Energy giant INEOS’ injunction calls them “persons unknown”. But they are builders, farmers, pensioners and beekeepers, writes Rebecca Winson, an organiser at the New Economics Foundation.
Up and down the country, there are people who so terrify the multinational chemicals giant Ineos that it went to court to take out an injunction against them, without even knowing their names.
Addressed to “persons unknown”, the injunction prohibits these people – or anyone who “helps” them – from “pursuing any course of conduct, with a view to compelling another person to abstain from doing or to do any act which that person has a legal right to do or abstain from doing”, under pain of imprisonment, fines or seizure of assets.
It’s worded like something from a satirical novel, so all-encompassing that it’s almost impossible to imagine what its impact looks like in real life. For the people of Eckington and Marsh Lane, in Derbyshire, who NEF visited in late October, it look like this: a muddy field which none of them can even approach.
Two locals showed us the field: its fence, its mud, its singular tree, and warned us to stay well back from the boundaries as we took photos. We were all there, stood in the cold, staring at the injunction fluttering in the wind, because the community is hugely angry about what Ineos plans to do in that field, and with good reason.
THE INJUNCTION ISN’T THE ONLY THING THAT’S RIDICULOUS: A LESS SUITABLE SITE FOR FRACKING IS DIFFICULT TO IMAGINE.
Only a quarter of a mile from the local school, it’s the highest point for miles. It drains right into farmland and fishing ponds in the valley below. Lapwings and birds of prey call it home, and more than 200 horses graze peacefully nearby. Despite all of this, if the planning application lodged with Derbyshire County Council to explore shale gas reserves is approved, it will be home to a huge floodlit drilling rig and surrounded by an imposing fence. Lorries could thunder through narrow country roads daily. The injunction isn’t the only thing ridiculous about this situation: a less suitable site for fracking is difficult to imagine.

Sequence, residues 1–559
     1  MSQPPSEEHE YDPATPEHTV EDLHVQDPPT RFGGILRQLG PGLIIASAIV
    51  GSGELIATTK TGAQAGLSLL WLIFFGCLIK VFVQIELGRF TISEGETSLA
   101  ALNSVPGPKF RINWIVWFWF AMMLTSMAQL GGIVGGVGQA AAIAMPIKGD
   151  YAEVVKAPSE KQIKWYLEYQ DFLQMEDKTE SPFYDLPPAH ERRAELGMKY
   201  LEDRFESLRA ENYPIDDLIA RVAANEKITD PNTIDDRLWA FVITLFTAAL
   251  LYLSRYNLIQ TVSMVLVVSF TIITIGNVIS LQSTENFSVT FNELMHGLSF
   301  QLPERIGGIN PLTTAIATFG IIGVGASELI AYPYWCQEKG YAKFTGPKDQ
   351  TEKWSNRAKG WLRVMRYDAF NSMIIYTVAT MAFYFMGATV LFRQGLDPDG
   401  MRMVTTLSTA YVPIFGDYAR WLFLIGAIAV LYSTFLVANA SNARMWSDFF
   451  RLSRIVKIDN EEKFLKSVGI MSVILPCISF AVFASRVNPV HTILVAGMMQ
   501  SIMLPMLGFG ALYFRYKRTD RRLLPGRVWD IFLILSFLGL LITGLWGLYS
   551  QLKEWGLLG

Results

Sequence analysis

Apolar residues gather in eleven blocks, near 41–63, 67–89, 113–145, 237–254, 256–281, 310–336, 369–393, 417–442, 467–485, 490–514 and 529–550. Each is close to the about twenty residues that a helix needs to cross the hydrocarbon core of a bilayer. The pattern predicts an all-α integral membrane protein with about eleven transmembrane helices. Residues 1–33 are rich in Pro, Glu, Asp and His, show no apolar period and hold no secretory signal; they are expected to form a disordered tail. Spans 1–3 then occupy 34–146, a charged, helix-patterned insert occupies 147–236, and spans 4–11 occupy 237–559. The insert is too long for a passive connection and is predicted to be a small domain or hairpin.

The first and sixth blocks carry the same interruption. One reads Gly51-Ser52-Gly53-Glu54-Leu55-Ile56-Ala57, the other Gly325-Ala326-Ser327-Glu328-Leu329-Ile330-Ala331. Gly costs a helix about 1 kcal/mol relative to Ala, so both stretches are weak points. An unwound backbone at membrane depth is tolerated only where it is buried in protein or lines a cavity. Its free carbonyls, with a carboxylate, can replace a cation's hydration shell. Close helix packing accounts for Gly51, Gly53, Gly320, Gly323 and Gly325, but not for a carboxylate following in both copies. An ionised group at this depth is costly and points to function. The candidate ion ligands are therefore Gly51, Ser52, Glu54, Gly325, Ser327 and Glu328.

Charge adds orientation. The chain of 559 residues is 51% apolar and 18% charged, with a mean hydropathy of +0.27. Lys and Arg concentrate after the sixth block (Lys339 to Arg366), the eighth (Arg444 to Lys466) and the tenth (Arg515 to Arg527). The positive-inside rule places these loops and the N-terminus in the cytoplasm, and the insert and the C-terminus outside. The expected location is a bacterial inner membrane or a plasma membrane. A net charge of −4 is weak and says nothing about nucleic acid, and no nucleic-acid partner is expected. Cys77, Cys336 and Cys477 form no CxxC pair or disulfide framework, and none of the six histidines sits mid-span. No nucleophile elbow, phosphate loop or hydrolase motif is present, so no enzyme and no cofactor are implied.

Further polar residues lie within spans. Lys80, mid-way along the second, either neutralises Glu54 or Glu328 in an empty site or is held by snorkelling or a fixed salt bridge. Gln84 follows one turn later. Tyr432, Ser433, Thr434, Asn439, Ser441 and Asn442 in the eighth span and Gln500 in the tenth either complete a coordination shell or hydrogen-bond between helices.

Within days of finding out about the planning application, the residents had gathered at a local pub and organised a committee, Eckington Against Fracking, to oppose Ineos. A month or so later, hundreds of them marched to the site in protest. In September, hundreds more did the same. Up and down the country, groups like Eckington Against Fracking are taking similar action.
Over the past few months, campaigners have organised tea parties outside site gates (to which all security guards were cheerfully invited), heard ex-miners’ accounts of tackling embarrassed fracking spokespeople about the exact geology they plan to drill into, and seen public meetings called to a close due to the sheer volume of heckling.
This is why Ineos is so terrified of campaigners. By coming together lawfully and peacefully, they and others like them can stop fracking. How? Precisely because they are not “persons unknown”. They are neighbours, locals, builders, farmers, pensioners, gardeners, healthcare workers, carpenters and even beekeepers, all with strong links to the towns and villages they are prepared to fight, and respected enough to persuade others to join them. They are on the front line of the battle against climate change and for local democracy, and NEF stands ready to help them.
This article was cross-posted from The New Economics Foundation.
Photo: Eckington Against Fracking